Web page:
The email was not one that she wanted to send, and the document she attached was not one she thought – or believed – she’d ever have to think about again, since… well. But, neither time nor choice were on her side.

Within minutes, laptops and phones all over the network would ping into life, alerting their by now surely fast-asleep owners to a notification that they never expected to receive.

How could they? The name on the notification had long since been forgotten.

Forgotten, but never in this world forgiven.

What would happen next would do little to change that.



Sent to all.

Blood splattered across the flickering screen.

Cat hair bedded deeper among the lettered tombstones in its warm, sticky graveyard.


Helen Burness, Saltmarsh (she’s a legal marketing supremo)

Polar nights started in mid-November on Svalbard and lasted for several months.

24/7 hours of darkness and shadows.

But the town and its people carried on as usual. Working, shopping, walking their dogs and meeting up in the floodlit town square. They built fires in their cabins and generally enjoyed feeling cosy and protected on their little archipelago. They often came together to watch the spectacular Northern Lights on clear evenings, and drank nips of Cognac from Ny-Ålesund made with iceberg water.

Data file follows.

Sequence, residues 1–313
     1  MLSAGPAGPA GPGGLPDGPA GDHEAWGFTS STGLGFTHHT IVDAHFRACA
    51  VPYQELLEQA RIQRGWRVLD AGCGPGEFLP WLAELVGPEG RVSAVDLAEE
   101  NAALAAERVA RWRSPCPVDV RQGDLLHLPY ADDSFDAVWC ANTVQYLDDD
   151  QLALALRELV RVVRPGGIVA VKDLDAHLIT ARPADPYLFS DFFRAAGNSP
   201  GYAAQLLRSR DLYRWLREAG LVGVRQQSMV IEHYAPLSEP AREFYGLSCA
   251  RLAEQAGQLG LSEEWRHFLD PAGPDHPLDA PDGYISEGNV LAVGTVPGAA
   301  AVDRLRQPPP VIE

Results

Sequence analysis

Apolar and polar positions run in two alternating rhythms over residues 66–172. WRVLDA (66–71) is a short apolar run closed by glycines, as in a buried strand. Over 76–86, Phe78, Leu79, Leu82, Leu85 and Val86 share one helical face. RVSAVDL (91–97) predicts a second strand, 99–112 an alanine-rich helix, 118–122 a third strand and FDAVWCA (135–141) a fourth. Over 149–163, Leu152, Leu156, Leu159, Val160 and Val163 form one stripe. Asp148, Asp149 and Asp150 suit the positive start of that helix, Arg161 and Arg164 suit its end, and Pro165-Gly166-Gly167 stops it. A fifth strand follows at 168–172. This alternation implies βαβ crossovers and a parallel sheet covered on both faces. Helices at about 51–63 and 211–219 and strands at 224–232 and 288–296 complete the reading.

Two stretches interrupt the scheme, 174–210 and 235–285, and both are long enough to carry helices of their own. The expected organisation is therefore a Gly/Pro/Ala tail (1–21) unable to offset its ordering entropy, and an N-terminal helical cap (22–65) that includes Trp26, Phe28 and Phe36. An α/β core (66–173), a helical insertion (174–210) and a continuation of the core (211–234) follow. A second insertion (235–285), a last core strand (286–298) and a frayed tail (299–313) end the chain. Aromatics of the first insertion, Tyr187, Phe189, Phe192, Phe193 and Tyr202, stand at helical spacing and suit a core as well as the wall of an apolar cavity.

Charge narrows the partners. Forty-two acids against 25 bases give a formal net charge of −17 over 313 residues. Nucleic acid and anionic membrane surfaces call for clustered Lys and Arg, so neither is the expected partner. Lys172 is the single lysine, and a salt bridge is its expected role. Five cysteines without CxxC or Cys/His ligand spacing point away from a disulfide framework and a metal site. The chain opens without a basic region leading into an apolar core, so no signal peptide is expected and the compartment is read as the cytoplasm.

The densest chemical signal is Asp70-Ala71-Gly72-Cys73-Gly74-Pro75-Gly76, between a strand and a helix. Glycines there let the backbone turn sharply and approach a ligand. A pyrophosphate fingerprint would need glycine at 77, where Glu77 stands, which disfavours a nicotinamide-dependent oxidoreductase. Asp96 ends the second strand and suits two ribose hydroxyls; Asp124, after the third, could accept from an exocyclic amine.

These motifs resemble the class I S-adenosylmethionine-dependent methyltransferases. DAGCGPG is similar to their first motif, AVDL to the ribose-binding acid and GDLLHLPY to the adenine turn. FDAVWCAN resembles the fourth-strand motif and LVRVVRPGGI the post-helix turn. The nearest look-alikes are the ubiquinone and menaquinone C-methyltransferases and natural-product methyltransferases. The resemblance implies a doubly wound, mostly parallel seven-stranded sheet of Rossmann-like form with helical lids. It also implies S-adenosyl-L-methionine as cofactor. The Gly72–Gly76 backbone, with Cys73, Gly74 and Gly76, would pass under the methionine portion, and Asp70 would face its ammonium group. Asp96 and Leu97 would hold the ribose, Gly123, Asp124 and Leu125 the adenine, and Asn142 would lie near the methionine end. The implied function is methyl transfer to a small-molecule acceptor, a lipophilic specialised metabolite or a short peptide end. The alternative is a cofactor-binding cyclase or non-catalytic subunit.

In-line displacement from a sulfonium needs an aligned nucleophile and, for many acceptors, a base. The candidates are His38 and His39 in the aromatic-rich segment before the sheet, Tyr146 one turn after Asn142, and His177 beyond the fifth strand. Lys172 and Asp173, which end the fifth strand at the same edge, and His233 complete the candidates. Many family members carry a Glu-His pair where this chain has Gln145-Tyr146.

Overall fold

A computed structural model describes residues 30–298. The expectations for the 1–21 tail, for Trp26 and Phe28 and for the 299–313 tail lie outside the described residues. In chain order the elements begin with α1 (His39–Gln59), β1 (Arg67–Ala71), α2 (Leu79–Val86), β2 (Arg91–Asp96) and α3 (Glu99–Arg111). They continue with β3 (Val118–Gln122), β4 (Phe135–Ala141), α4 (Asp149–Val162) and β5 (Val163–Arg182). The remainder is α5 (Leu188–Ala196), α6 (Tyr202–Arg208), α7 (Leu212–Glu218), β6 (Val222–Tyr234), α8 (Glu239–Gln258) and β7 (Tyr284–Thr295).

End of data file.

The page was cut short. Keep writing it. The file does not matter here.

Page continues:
Residents loved the raw, artic wilderness of Svalbard. It was a happy place. A safe place.

Until recently.

There had been a spate of disappearances. A pattern which could not be ignored.

Every time the residents gathered to view the Northern Lights, someone on Svalbard would inexplicably go missing the day after.

Once was odd. Twice – unsettling. Now the third person had disappeared without a trace, the island’s few police offices were alerted.

Was it a polar bear? Silent avalanche or mudslides claiming lives? Or just unhappy coincidence?